On Her Majesty’s Silver Service

In Serving Victoria Kate Hubbard has produced a wonderful, anecdote-laden account of what it would have been like to work for the great Queen

Books History
Close to the throne: Household staff at Osborne House

We colonials have an enduring fascination with the monarchy: looking across the herring pond to watch the goings-on in royal circles is a long-standing avocation. In 1857, President James Buchanan arranged to receive a transatlantic telegraph cable from Queen Victoria. In 1887, the US envoy to her Jubilee told her how “attached” the American people were to her-“the good Queen”-personally. A further sign of that attachment came two years later. Americans contributed enough dollars to Jennie Jerome, Winston Churchill’s American mother, to outfit a hospital ship to care for the wounded in the war in South Africa-where, not incidentally, her son Winston had just been taken prisoner. Queen Victoria invited the ship’s American medical staff for lunch and Jennie Jerome to spend the night at Windsor.

Fast forward to more recent times. When the Anglophile John F. Kennedy moved into the Oval Office, he installed the famous Resolute Desk, made from British naval timbers and presented to America by Victoria in 1880. In 1997, some 30 million Americans watched Princess Diana’s funeral. Most recently, all the major American television networks responded to our interest in British royalty by sending crews to cover Queen Elizabeth II’s Diamond Jubilee, and most of the press devoted considerable space to the antics of Prince Harry. And then there is the special relationship with America but that is another story.

So no surprise that this American reviewer was looking forward to Kate Hubbard’s Serving Victoria: Life in the Royal Household. And she was not disappointed. Using previously unpublished letters and journals from royal courtiers and retainers, Hubbard has given us a wonderful, anecdote-laden yet historically coherent book that illuminates what it was like to live with and work for Queen Victoria. Hubbard showers her readers with details of the Queen’s life, details that could only have come from intimate letters of those close to the throne, and living at the royal residences at Windsor, Balmoral and Osborne. A better guide we could not have.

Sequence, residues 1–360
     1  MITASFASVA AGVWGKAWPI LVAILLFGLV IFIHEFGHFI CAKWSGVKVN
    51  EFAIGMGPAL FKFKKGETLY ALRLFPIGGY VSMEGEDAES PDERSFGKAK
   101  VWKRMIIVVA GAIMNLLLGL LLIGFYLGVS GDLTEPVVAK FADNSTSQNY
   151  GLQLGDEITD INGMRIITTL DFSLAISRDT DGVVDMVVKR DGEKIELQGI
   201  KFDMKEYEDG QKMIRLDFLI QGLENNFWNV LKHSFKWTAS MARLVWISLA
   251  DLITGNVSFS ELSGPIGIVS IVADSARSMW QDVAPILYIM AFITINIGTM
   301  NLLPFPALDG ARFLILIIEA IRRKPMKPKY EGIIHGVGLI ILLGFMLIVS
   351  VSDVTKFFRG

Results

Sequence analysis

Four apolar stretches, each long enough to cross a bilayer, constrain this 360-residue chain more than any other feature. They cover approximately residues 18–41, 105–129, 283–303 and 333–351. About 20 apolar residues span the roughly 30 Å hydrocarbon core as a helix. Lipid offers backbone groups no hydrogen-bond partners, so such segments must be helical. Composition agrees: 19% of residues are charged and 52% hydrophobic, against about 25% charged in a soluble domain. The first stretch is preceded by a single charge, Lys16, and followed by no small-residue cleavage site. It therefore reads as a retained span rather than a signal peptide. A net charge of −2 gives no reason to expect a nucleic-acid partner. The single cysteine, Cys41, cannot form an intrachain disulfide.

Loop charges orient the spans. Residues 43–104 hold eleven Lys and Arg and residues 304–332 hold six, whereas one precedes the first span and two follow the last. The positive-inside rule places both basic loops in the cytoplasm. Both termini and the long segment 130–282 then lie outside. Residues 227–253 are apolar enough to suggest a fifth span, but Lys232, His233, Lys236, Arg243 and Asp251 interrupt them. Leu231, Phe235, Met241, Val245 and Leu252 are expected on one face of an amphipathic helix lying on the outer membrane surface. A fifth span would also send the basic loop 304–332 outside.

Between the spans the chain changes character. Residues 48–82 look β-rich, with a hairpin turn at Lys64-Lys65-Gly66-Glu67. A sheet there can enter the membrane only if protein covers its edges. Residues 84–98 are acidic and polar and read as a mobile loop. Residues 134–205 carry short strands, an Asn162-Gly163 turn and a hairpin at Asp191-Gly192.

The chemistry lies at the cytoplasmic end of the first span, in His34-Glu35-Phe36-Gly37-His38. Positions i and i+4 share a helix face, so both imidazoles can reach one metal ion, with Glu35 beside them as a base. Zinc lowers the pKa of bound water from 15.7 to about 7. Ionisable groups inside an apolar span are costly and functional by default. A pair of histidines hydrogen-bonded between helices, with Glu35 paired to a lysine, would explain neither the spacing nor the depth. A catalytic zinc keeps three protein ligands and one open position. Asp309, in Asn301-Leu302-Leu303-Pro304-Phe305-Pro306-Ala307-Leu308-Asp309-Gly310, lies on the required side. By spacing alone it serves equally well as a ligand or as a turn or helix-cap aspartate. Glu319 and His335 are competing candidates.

Hubbard chose evidence left by some members of Victoria’s household, and streams their memoirs nicely into a narrative of the Queen’s long life. Several are ladies-in-waiting, one a chaplain, another her private doctor, still another a governess to the nine royal children. Some of these were thrilled to be asked to join the royal household, others saddened that “waiting”, as it was called, meant months away from their families, living in sometimes cramped rooms alongside others in the royal household, serving a queen who was often selfish and controlling. And at Balmoral, it meant living in frigid rooms with all the windows left open, on the Queen’s orders, fireplaces rarely lit. Duty and boredom in equal measures.

Victoria became queen at 18, became infatuated with and married her Prince Charming-Albert-at 21. That infatuation endured, as did her fondness for her dogs-an affection not unknown to the current occupant of the throne. Albert might be the source of what Hubbard describes as Victoria’s rigid ruling of all aspects of royal life: for example, single men could only borrow one volume at a time from the Balmoral library. But Albert did bring a cleaned-up Germanic-style management to the previous Hanoverian chaos.